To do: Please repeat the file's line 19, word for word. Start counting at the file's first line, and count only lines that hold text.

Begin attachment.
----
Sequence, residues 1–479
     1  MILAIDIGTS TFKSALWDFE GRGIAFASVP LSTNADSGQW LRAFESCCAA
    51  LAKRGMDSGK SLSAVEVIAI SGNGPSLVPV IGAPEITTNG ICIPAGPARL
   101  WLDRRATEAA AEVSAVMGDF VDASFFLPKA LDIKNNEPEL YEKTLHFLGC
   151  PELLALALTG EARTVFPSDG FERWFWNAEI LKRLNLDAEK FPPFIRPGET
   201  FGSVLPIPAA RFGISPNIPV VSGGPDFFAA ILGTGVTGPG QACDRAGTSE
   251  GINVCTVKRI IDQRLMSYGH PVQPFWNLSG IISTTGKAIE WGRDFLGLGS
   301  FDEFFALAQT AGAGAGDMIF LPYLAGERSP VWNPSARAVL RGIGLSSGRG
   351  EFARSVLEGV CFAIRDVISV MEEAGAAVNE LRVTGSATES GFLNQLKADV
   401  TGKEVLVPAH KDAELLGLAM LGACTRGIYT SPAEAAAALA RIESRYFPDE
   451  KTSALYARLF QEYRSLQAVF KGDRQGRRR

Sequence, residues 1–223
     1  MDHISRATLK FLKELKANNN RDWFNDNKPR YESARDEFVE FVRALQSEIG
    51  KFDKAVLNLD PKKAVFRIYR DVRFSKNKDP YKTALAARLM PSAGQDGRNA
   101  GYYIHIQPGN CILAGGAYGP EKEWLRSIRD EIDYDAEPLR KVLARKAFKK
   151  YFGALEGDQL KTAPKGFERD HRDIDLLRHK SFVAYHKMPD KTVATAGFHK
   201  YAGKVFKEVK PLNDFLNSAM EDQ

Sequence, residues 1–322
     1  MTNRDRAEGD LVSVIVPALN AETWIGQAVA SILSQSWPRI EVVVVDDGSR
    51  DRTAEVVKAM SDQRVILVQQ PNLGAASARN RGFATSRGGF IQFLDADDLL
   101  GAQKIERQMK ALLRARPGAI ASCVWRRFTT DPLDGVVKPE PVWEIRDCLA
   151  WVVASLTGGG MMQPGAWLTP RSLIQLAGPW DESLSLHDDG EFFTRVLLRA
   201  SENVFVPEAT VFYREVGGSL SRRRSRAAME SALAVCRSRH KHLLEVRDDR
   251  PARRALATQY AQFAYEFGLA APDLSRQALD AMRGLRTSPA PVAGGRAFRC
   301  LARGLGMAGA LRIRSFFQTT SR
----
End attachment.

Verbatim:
     1  MTNRDRAEGD LVSVIVPALN AETWIGQAVA SILSQSWPRI EVVVVDDGSR